Skip to main content

Nano Bite: May 2011

Welcome to the May Nano Bite, the monthly e-newsletter for the Nanoscale Informal Science Education Network (NISE Net).

What's new?

 New programs in the NISE Net Catalog!
Horton Senses Something Small: In this story time program, young visitors listen to the Dr. Seuss book "Horton Hears a Who". They look at small things using lenses and use their sense of smell to detect things that are too small to see. Visitors also make and decorate a craft.

Mentos and Soda Explosion: This is a dramatic demonstration of the effects of surface area. It probably works best as a finale added on to other nano demos (such as Intro to Nano or Surface Area).

→ Partner Highlight: NanoZoo Connects - Memphis Zoo Education Department Awarded USDA Grant
The United States Department of Agriculture has awarded the Memphis Zoo's Education Department a $500,000 grant under the Distance Learning and Telemedicine Grant Program administered by the Rural Utilities Service. The Memphis Zoo applied for the grant to help fund a nanotechnology program called "NanoZoo Connects." This program will initially reach 14 schools in rural Tennessee through distance learning technology. The Memphis Zoo's "Discovery Center" will be renovated to become a state-of-the-art studio in which Zoo educators will be able to communicate through a video-bridge with some 7000 students in rural classrooms. For an additional take on the grant, read the FrogHeart blog post on the Memphis Zoo.

New Blog Post
CAPITALIZING on your NanoDays Partnerships, Pt. 2: If you enjoyed Part 1 last month, be sure to check out this latest installment for more ways to build on partnerships established during NanoDays this year.

NanoDays Reports
The deadline for reports was May 1st; but if you missed the deadline, we would still love to hear about your NanoDays event:

What Else?

2011 Risk Science Symposium
The University of Michigan, Ann Arbor will host the 2011 Risk Science Symposium on September 20-21. This symposium will bring together leading thinkers to explore new ideas on integrative approaches to health risks, uncertainty and innovation, as people look to develop sustainable solutions to global challenges in an increasingly fragile world. For more information: click here.
 Association of Children's Museums Pre-Conference Workshop
We are offering an all day pre-conference workshop at the Association of Children's Museums Interactivity Conference on May 18th in Houston. Financial assistance is available to attend. If you are interested in attending the workshop but have not registered yet, please contact Aaron Guerrero immediately ([email protected]). For more information:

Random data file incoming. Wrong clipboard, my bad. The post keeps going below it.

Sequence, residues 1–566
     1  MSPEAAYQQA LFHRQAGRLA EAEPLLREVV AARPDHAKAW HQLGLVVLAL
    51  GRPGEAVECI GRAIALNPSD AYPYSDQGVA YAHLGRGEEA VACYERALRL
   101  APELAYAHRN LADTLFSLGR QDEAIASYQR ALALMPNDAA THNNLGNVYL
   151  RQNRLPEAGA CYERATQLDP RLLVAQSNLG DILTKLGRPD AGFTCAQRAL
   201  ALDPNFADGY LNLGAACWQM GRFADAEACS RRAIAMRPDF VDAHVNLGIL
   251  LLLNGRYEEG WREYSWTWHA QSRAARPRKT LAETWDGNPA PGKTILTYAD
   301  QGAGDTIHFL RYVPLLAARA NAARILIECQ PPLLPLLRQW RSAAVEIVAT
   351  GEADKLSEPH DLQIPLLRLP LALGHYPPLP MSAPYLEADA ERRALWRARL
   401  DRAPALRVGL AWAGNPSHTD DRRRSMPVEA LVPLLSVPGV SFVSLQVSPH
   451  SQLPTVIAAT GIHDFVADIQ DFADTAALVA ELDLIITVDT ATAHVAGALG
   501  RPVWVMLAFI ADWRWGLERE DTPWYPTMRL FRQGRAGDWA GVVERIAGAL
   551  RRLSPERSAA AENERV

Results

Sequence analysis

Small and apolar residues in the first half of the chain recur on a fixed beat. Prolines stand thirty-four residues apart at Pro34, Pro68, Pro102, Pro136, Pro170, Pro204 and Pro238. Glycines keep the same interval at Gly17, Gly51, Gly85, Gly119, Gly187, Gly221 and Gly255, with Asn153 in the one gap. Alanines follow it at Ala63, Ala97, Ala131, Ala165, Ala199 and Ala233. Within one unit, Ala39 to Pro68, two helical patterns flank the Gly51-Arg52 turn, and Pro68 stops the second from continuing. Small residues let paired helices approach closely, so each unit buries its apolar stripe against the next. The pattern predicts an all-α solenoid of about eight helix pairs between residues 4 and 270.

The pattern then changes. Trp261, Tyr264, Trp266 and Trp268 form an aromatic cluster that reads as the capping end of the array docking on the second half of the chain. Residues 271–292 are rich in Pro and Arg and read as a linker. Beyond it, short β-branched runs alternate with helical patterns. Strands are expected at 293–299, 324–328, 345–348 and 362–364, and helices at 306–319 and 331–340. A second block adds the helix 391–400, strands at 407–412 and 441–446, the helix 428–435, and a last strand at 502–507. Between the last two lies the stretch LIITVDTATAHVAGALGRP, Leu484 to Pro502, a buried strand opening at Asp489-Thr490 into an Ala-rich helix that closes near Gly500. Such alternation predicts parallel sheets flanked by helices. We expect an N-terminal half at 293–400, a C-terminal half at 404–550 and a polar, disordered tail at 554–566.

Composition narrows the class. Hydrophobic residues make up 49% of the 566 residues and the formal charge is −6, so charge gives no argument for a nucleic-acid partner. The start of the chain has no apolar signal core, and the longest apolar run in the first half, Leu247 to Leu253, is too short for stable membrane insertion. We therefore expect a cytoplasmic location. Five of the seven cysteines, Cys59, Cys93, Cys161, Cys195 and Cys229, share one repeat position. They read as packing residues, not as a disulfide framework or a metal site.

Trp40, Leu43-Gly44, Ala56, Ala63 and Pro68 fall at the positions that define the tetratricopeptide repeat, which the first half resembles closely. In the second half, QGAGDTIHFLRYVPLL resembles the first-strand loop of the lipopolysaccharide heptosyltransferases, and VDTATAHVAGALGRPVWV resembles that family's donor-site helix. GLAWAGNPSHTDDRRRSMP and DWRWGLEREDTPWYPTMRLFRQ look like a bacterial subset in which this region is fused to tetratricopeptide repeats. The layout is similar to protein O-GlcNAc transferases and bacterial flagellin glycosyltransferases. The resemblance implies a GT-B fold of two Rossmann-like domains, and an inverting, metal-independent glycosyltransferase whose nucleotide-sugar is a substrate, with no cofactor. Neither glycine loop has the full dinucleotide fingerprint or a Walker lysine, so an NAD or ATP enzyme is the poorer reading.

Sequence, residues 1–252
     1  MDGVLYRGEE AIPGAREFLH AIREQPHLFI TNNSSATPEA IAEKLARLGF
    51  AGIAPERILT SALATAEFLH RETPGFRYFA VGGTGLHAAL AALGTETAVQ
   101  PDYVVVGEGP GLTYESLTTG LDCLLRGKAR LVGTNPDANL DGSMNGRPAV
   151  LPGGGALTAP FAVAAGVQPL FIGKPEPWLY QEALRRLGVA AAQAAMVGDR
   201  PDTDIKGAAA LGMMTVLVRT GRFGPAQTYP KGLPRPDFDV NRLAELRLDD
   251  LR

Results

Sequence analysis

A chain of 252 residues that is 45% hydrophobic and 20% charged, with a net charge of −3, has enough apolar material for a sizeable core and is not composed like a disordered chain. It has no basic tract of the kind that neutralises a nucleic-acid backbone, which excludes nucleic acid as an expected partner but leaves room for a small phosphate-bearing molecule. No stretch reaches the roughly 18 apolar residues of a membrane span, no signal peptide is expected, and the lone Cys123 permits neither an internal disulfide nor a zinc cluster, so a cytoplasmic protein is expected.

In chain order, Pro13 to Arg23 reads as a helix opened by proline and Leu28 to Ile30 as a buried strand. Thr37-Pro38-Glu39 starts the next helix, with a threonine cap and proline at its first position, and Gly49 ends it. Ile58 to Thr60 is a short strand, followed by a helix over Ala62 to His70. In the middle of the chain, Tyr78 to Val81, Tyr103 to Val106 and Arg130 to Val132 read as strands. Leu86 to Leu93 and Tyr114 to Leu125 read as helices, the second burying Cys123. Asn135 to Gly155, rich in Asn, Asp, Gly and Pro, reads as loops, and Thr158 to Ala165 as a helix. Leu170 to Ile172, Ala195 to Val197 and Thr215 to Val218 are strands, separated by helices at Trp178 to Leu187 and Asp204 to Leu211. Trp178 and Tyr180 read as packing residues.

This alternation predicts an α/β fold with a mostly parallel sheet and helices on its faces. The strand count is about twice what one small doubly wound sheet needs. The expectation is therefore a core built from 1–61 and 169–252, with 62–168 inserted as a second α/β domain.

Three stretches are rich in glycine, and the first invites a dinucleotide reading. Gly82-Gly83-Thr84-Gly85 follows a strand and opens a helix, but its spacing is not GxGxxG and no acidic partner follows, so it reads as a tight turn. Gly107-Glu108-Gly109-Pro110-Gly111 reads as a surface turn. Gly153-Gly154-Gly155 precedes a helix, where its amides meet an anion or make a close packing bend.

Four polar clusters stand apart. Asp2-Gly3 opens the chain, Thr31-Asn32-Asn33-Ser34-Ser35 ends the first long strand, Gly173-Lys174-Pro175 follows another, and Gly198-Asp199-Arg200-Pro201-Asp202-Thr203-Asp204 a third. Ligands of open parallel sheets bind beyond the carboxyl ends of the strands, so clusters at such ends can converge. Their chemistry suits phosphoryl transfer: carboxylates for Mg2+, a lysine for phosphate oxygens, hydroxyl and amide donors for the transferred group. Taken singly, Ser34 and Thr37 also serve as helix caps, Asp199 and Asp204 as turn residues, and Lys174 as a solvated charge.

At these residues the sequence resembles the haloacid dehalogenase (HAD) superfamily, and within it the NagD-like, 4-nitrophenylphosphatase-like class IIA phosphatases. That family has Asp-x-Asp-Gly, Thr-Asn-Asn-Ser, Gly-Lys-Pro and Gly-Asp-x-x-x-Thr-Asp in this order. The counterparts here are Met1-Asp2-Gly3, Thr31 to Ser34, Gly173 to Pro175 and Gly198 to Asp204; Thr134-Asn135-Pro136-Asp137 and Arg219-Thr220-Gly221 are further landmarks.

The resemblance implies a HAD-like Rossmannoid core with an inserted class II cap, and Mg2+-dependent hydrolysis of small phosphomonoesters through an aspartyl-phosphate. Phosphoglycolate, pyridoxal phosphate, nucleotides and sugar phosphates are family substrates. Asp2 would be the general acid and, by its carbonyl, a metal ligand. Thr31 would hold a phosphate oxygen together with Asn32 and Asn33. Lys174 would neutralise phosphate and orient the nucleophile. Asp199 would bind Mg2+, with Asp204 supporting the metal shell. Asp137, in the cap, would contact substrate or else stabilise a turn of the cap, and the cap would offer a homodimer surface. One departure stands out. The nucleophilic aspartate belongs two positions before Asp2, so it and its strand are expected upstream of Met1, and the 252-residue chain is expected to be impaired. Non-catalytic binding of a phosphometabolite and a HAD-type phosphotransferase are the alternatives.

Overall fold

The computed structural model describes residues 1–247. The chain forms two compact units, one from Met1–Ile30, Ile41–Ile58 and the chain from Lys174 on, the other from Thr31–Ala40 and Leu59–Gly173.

Nano summer beach reading
A nanoscientist at Cornell, Paul McEuen, has written a thriller (fiction) featuring nanotechnology, "Spiral". For the New York Times review of "Spiral": click here.


Nano in the News

  • Rogue Waves are Not Tsunamis: Rogue waves are gigantic ocean waves that can be over 100 feet high. But rogue waves are not tsunamis, said Tulane University physicist Lev Kaplan. Tsunamis are caused by undersea earthquakes. Rogue waves seem to appear out of nowhere. In an effort to develop better models for predicting rogue waves, researchers are studying electron transport in nano structures.
  • A Breakthrough on Paper That's Stronger Than Steel: A University of Technology Sydney research team has developed reproducible test results and nanostructural samples of graphene paper. These graphene nanosheet stacks consist of monolayer hexagonal carbon lattices and are placed in perfectly arranged laminar structures which give them exceptional thermal, electrical and mechanical properties. Compared to steel, the prepared graphene paper is six times lighter, five to six times lower density, two times harder with ten times higher tensile strength and thirteen times higher bending rigidity.
  • Solar Power Goes Viral: Researchers at MIT have found a way to make significant improvements to the power-conversion efficiency of solar cells by enlisting the services of tiny viruses to perform detailed assembly work at the nanoscale. The new research is based on findings that carbon nanotubes can enhance the efficiency of electron collection in solar cells. Researchers found that a genetically engineered version of a virus can be used to control the arrangement of carbon nanotubes on a surface, keeping the tubes separate so they cannot short out the circuits, and keeping the tubes apart so they do not clump, greatly increasing the efficiency of the solar cells.
Nano Haiku

Viruses align
Carbon nanotubes for the
Thinnest solar cell

by Anna Lindgren-Streicher of the Museum of Science, Boston. This haiku was written in response to the above news piece, Solar Power Goes Viral.

Questions? Haikus? Contributions to the newsletter? Contact Eli Bossin at [email protected]